12 Years A Slave Film Analysis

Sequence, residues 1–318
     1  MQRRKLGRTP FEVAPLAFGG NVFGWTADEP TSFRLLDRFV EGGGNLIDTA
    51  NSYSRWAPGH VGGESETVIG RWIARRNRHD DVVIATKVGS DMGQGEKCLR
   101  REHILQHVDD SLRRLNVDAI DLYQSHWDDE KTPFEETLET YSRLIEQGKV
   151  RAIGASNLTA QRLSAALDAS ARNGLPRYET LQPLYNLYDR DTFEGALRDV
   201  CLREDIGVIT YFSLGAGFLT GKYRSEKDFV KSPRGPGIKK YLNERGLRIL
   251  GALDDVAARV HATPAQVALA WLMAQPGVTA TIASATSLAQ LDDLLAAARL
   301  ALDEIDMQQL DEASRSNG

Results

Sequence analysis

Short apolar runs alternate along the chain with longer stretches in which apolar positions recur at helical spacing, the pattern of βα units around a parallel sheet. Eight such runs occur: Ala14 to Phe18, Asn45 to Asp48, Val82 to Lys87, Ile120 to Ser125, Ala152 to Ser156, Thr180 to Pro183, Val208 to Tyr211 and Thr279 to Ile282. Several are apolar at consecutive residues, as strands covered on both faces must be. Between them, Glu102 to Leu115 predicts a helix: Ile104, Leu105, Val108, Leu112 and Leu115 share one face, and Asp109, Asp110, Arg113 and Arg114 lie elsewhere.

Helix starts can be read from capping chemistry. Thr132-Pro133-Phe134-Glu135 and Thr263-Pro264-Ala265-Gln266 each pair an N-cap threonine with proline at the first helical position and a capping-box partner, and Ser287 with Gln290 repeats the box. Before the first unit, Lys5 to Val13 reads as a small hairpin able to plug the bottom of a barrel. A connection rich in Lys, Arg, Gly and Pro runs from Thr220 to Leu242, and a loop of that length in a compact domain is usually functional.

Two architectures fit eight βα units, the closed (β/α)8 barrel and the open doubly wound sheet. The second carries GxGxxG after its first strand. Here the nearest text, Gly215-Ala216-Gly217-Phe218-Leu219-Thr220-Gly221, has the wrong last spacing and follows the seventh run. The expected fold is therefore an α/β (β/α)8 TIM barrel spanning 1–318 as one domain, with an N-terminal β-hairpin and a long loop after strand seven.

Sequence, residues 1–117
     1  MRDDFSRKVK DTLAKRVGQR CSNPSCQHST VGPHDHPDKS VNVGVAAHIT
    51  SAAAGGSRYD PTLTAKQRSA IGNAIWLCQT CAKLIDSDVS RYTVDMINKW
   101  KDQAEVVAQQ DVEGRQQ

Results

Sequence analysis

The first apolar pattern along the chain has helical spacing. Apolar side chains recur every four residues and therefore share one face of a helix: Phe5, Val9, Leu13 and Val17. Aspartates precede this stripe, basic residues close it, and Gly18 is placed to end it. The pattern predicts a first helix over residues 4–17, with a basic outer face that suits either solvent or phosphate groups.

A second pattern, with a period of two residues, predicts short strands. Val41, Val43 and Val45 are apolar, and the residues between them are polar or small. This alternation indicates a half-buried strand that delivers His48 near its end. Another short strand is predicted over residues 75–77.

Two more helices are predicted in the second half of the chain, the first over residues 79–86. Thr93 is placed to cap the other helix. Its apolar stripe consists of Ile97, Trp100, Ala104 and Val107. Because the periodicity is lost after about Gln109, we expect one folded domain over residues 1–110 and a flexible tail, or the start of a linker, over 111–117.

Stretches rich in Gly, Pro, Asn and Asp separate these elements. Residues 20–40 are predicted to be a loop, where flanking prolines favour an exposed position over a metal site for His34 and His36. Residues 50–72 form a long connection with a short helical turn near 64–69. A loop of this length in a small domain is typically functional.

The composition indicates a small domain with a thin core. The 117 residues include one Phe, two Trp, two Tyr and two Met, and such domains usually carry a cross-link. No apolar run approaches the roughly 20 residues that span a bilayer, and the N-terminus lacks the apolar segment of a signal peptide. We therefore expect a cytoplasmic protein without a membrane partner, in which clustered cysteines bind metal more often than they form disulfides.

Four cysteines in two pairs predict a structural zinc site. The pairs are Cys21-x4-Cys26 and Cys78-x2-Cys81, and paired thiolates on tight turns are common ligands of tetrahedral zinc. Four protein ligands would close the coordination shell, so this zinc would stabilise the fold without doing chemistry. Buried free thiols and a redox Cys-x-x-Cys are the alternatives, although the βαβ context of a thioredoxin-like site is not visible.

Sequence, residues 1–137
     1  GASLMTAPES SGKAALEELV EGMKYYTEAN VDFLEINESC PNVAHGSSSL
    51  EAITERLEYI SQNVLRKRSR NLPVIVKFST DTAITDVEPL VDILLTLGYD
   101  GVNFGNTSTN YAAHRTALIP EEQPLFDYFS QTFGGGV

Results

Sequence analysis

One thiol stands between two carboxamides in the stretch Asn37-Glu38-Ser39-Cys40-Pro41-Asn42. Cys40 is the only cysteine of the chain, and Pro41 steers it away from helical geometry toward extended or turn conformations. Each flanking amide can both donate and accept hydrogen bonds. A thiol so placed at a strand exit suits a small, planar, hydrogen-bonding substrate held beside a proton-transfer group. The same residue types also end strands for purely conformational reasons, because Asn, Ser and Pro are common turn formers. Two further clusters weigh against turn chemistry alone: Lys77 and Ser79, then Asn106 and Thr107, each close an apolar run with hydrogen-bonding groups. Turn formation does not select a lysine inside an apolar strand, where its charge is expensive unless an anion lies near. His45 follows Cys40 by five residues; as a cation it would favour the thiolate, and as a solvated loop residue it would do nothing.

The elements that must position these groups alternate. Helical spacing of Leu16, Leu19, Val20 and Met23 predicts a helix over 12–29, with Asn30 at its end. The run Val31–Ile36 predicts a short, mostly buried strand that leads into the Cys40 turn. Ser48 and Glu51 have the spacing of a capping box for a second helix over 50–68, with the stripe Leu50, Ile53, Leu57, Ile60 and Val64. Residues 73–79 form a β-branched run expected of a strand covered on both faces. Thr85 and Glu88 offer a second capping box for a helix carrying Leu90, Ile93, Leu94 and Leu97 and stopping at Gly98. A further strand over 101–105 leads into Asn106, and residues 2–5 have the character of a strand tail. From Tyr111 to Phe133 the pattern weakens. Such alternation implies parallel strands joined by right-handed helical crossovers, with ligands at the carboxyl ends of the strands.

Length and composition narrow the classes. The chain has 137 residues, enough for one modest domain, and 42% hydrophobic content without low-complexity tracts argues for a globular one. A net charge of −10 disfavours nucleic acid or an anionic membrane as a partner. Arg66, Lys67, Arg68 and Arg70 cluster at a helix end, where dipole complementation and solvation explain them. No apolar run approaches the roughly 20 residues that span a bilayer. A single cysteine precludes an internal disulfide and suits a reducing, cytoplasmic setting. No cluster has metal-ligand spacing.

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In the film 12 Years a Slave the editor, Joe Walker, makes use of a couple of techniques and styles that adds to the film in its own way. Long shots – Joe kept the long shots as long as he thought was necessary to add to the subject matter and the feeling he wanted to bind with the story. At the end of the film there’s this extremely long shot where Solomon is practically staring at the camera for about a minute and a half. The timing of that shot is so perfect because it’s not too short so you don’t have enough time to think about what just happened or too much time to overthink the situation. Closer to the end of the shot he lets the sound fade slowly and rapidly gives you a wakeup call when the next shot starts off where Solomon and the rest of the slaves are busy working in the field. Jump cuts – Just before the long shot I mentioned above we can see that Joe compresses time when Master Ford cuts down Solomon, we don’t see him falling to the ground, it just cuts straight to another shot where it’s at a different time than the shot before and he’s on laying on the floor on a sack in a luxurious hallway. The cut to him resting in the hallway substitutes him falling down when Master Ford cut him down Cross Cutting – The use of cross cutting plays a big role in the beginning of the film where he is being captured as a slave (even though he’s a free man). It starts off where Solomon is having dinner with the two gentleman he met in the park right after he greeted his wife

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